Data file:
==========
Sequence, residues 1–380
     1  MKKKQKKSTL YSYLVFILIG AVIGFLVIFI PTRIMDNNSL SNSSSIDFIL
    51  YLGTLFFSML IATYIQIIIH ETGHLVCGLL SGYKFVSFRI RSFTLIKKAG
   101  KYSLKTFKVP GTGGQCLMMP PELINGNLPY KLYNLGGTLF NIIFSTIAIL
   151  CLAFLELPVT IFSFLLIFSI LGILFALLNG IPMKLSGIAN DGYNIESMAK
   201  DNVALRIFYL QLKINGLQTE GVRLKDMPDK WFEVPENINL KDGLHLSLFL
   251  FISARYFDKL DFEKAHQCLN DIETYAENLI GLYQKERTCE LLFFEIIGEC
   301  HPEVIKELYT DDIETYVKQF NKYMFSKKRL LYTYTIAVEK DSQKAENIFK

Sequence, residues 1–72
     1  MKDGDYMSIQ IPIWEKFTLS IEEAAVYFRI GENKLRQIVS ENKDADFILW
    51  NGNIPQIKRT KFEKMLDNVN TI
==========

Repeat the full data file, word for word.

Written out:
Sequence, residues 1–380
     1  MKKKQKKSTL YSYLVFILIG AVIGFLVIFI PTRIMDNNSL SNSSSIDFIL
    51  YLGTLFFSML IATYIQIIIH ETGHLVCGLL SGYKFVSFRI RSFTLIKKAG
   101  KYSLKTFKVP GTGGQCLMMP PELINGNLPY KLYNLGGTLF NIIFSTIAIL
   151  CLAFLELPVT IFSFLLIFSI LGILFALLNG IPMKLSGIAN DGYNIESMAK
   201  DNVALRIFYL QLKINGLQTE GVRLKDMPDK WFEVPENINL KDGLHLSLFL
   251  FISARYFDKL DFEKAHQCLN DIETYAENLI GLYQKERTCE LLFFEIIGEC
   301  HPEVIKELYT DDIETYVKQF NKYMFSKKRL LYTYTIAVEK DSQKAENIFK

Sequence, residues 1–72
     1  MKDGDYMSIQ IPIWEKFTLS IEEAAVYFRI GENKLRQIVS ENKDADFILW
    51  NGNIPQIKRT KFEKMLDNVN TI